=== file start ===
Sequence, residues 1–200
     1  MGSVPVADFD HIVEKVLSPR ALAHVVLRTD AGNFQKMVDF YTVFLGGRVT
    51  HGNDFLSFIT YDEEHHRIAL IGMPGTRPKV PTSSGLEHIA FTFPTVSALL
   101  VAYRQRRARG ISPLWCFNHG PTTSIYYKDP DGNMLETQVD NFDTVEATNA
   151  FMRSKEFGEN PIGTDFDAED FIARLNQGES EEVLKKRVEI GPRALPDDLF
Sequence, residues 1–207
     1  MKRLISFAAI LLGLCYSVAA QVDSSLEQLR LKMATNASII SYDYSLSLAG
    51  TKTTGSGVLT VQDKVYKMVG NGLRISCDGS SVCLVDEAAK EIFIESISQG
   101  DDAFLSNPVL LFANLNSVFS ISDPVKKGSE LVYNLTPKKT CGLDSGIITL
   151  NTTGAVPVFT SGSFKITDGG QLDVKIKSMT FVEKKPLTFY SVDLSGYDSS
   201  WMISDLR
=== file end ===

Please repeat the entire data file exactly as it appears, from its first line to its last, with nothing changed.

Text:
Sequence, residues 1–200
     1  MGSVPVADFD HIVEKVLSPR ALAHVVLRTD AGNFQKMVDF YTVFLGGRVT
    51  HGNDFLSFIT YDEEHHRIAL IGMPGTRPKV PTSSGLEHIA FTFPTVSALL
   101  VAYRQRRARG ISPLWCFNHG PTTSIYYKDP DGNMLETQVD NFDTVEATNA
   151  FMRSKEFGEN PIGTDFDAED FIARLNQGES EEVLKKRVEI GPRALPDDLF
Sequence, residues 1–207
     1  MKRLISFAAI LLGLCYSVAA QVDSSLEQLR LKMATNASII SYDYSLSLAG
    51  TKTTGSGVLT VQDKVYKMVG NGLRISCDGS SVCLVDEAAK EIFIESISQG
   101  DDAFLSNPVL LFANLNSVFS ISDPVKKGSE LVYNLTPKKT CGLDSGIITL
   151  NTTGAVPVFT SGSFKITDGG QLDVKIKSMT FVEKKPLTFY SVDLSGYDSS
   201  WMISDLR